Concentration analysis There was a decrease in the concentration of business in the top 10 survey respondents, which continues to remain low.

Product analysis The share of securities lending conducted on repo desks rose again.

ICMA European Repo Market Survey February 2016

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CHAPTER 1: THE SURVEY

On December 9, 2015, the European Repo and Collateral Council (ERCC) of the International Capital Market Association (ICMA) conducted the 30th in its series of semi-annual surveys of the repo market in Europe. The survey was managed and the results analysed on behalf of ICMA by the author, at the ICMA Centre at Reading University in England, under the guidance of the ERCC Steering Committee (“ERCC Committee”).

1.1

What the survey asked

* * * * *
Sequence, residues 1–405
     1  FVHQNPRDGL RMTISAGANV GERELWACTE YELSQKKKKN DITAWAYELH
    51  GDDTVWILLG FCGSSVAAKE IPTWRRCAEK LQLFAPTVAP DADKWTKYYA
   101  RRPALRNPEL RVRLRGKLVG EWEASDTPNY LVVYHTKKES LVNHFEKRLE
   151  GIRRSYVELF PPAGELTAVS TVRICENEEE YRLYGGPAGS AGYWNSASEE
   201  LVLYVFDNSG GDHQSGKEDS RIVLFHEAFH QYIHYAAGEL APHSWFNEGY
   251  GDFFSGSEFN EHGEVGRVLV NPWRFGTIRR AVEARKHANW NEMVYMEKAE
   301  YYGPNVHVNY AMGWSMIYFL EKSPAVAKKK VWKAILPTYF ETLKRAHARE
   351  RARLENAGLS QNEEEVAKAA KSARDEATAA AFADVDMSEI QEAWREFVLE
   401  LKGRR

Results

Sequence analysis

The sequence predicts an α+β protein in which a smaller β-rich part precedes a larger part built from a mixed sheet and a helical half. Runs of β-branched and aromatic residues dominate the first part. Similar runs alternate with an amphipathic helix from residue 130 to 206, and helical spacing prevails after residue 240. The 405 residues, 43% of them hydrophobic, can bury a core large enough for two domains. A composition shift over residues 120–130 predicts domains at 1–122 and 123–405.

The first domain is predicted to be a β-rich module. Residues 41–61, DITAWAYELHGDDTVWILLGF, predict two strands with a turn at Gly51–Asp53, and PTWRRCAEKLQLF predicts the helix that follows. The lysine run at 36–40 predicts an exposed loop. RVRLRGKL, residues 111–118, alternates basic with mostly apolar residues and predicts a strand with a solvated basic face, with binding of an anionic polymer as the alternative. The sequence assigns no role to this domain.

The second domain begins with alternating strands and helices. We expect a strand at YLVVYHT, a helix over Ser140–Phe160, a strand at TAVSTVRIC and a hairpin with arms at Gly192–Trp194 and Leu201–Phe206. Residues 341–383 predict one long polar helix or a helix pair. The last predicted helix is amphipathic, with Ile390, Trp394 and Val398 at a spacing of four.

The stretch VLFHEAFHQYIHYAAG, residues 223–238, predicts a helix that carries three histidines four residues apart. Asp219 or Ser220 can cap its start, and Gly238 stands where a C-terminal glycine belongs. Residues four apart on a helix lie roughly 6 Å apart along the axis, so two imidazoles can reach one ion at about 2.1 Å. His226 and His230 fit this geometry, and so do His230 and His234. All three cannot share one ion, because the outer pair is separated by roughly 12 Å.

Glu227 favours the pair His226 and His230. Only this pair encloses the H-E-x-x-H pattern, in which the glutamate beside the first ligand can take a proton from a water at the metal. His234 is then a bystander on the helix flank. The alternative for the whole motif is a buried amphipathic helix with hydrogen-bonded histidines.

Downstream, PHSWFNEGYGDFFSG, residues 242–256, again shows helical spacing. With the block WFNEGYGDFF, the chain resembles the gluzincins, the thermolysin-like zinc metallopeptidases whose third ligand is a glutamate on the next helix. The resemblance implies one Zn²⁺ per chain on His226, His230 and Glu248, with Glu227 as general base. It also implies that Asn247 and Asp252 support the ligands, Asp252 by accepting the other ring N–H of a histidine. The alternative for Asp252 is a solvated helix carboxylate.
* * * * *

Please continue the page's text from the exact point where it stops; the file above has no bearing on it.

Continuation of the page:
The survey asked financial institutions operating in a number of European financial centres for the value of the cash side of repo and reverse repo contracts still outstanding at close of business on Wednesday, December 9, 2015. The questionnaire also asked these institutions to analyse their business in terms of the currency, the type of counterparty, contract and repo rate, the remaining term to maturity, the method of settlement and the origin of the collateral. In addition, institutions were asked about securities lending and borrowing conducted on their repo desks. The detailed results of the survey are set out in Appendix C. An extract of the accompanying Guidance Notes is reproduced in Appendix A Separate returns were made directly by the principal automatic repo trading systems (ATS) and tri-party repo agents in Europe, and an aggregate return was made directly by the London-based Wholesale Market Brokers’ Association (WMBA).